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Buying crafts, to help a cause Providence Center creates, sells art to aid disabled workers; Sales brisk at holidays; 470 adults receive training to give them productive lives


At the Captain's Corner gift shop in Loews Annapolis Hotel, it's the Providence Center label that counts.

It's not that the pottery, woodwork, paintings and crafts aren't alluring enough. It's just that spending money for a work of art and helping a good cause at the same time is more appealing.

All crafts sold by the shop benefit Providence Center Inc., a private, nonprofit organization based in Severna Park that has placed adults with developmental disabilities in jobs for 35 years.

"My feeling is that it's all very good work," said Sharon Block of Annapolis, who was admiring the crafts and searching for large pottery pieces as Christmas presents for family members. "But everything that you buy goes to help [the center], too.

"I think it's a wonderful idea," Block said.

From Adirondack chairs to flowered wreaths, the products of Providence workers are selling quickly.

The center has signed contracts with Baltimore-Washington-area corporations and businesses to produce crab mallets and wooden crafts.

Providence products are sold at the Loews Annapolis shop and another store at Festival Mall in Pasadena.

Providence handicrafts designed with sailboats, crabs and anchors also are sold at the Naval Academy gift shop, the National Aquarium in Baltimore and shops across the state.

The Yield House Furniture Makers' catalog offers its customers a choice of pinewood toys -- a yellow bus, red car and white rabbit on wheels -- made by Providence workers.

"I think people really buy into the concept of what we do, and that is train adults with disabilities to contribute to the community," said Susan Dodwell, who runs the Annapolis shop and handles retail sales for the center.

"I think people are into the giving-back mode because this project really helps people support something good in the community," she said.

"Plus, they're just great gifts," she added.

Providence Center began with six children in a farmhouse in Annapolis. Then, the center served only young children, because most weren't guaranteed a public education until the mid-1970s because of their disabilities.

But as business grew and more people sought its services, the center expanded to nine business and workshop locations in Annapolis and Pasadena.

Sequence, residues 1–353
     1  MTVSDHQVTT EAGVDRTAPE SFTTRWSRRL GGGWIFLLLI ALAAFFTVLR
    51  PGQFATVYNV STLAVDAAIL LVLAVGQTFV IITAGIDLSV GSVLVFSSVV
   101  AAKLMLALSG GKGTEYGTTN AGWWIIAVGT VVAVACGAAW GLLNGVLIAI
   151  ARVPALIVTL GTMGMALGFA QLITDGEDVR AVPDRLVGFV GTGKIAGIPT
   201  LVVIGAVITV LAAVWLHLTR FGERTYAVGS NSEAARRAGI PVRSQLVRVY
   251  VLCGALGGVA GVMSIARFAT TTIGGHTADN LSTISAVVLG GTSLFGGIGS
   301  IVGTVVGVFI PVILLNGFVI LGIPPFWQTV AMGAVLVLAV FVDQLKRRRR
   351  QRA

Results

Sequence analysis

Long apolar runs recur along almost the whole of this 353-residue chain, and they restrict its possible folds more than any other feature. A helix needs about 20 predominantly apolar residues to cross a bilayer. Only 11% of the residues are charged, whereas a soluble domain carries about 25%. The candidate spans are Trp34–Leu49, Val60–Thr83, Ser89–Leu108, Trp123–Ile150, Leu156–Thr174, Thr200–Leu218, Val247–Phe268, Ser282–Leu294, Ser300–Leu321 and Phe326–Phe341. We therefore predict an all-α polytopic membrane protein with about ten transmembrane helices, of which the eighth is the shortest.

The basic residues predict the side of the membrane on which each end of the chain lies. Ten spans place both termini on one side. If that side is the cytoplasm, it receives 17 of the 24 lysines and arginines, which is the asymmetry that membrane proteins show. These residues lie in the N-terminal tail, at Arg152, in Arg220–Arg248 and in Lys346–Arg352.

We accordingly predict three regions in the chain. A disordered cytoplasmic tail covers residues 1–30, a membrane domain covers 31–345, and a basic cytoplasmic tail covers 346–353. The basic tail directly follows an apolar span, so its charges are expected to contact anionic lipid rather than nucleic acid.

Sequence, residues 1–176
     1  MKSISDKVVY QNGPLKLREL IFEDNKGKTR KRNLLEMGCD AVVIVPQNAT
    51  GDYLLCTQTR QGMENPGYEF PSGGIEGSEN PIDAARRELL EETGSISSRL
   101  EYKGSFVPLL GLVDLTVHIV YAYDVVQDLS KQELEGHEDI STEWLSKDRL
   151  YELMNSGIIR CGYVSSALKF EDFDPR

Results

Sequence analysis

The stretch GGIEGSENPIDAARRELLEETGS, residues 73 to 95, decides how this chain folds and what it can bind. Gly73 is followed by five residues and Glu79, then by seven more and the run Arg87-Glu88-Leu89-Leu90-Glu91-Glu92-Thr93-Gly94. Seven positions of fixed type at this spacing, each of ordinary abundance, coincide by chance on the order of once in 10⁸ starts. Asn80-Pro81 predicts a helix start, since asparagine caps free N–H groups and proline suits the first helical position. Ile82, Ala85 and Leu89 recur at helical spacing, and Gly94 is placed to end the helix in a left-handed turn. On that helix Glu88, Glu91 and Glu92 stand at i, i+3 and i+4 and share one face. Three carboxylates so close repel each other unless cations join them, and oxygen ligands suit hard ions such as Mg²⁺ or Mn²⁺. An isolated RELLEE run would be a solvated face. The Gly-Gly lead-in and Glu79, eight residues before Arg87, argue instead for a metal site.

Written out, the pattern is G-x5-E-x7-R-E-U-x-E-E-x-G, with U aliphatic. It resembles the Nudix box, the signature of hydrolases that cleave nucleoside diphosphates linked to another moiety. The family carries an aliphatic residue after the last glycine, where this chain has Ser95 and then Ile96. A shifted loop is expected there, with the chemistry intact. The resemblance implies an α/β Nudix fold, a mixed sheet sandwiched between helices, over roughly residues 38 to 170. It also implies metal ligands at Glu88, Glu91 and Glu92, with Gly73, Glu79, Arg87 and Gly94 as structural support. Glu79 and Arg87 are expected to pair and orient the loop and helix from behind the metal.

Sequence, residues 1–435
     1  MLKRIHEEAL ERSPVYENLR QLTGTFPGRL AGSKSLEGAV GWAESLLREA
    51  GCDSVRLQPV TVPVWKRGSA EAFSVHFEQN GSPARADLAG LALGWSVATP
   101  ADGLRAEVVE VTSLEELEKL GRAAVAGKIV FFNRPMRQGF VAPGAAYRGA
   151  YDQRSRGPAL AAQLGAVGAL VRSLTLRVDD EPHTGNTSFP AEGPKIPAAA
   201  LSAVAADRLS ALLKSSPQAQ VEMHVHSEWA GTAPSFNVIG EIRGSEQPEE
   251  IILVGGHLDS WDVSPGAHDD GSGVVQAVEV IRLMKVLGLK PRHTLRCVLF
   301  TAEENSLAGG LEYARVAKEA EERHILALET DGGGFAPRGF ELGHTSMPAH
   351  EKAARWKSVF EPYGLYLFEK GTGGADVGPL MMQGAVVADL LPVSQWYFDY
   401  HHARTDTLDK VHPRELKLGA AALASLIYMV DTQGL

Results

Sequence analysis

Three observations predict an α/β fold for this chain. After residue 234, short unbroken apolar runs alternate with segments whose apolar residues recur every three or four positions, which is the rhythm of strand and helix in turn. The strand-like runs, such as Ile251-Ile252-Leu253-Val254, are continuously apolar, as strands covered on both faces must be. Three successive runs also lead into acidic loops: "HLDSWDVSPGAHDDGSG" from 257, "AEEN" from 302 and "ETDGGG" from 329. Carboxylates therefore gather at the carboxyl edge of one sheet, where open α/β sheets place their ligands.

Now, the center serves 470 developmentally disabled adults by offering job-training programs to help them lead productive lives. In addition to finding individuals jobs in businesses throughout the community, the center also provides activities for clients who produce popular artwork and handcrafts.

"This is one of our busiest times of year," said Charles E. Coble, executive director of the center. "Our mission here is to keep our clients working and earning a paycheck. It really gives them that sense of self-determination, and that's important."

Shuttle buses take the center's adults, or "clients," to programs designed to develop and maintain their employment skills, artistic talent and life-coping abilities.

Throughout the week, clients work at area businesses, including rTC Dunkin' Donuts, Maryland Hall of Records and a Wendy's fast-food restaurant in Annapolis.

Others work at the center's Baldwin Industries workshop in Arnold, where they do mass mailings, packaging and materials assembly for businesses in the Baltimore-Washington area.

On a more artistic level, clients can learn dance and drama in classes offered at Maryland Hall School for the Creative Arts in Annapolis. The center's Art Institute allows them to fire a kiln and spin a pottery wheel to make bowls, mugs, pitchers and other earthenware.

At the Earthtones Pottery Studio in Millersville, Eugene Harvey has drilled hundreds of thousands of holes into pieces of wood to create chairs, piggy banks and birdhouses sold by the center.

With about 30 other adults, Harvey helped drill, sand and assemble almost 900 wooden dolphin ornaments to ship for the holiday season.

"I'm back here by myself and I'm all independent," said Harvey, 43, who has been with the center for 15 years. "They trust me a lot, and what we make will become Christmas gifts and birthday presents."

Pub Date: 12/23/96

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